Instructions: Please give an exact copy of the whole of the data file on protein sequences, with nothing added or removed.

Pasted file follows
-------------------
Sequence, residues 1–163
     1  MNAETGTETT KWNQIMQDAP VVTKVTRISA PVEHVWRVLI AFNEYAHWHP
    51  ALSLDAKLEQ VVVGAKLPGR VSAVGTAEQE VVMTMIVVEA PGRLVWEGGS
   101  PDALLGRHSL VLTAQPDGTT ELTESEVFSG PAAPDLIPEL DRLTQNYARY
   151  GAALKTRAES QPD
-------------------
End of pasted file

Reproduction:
Sequence, residues 1–163
     1  MNAETGTETT KWNQIMQDAP VVTKVTRISA PVEHVWRVLI AFNEYAHWHP
    51  ALSLDAKLEQ VVVGAKLPGR VSAVGTAEQE VVMTMIVVEA PGRLVWEGGS
   101  PDALLGRHSL VLTAQPDGTT ELTESEVFSG PAAPDLIPEL DRLTQNYARY
   151  GAALKTRAES QPD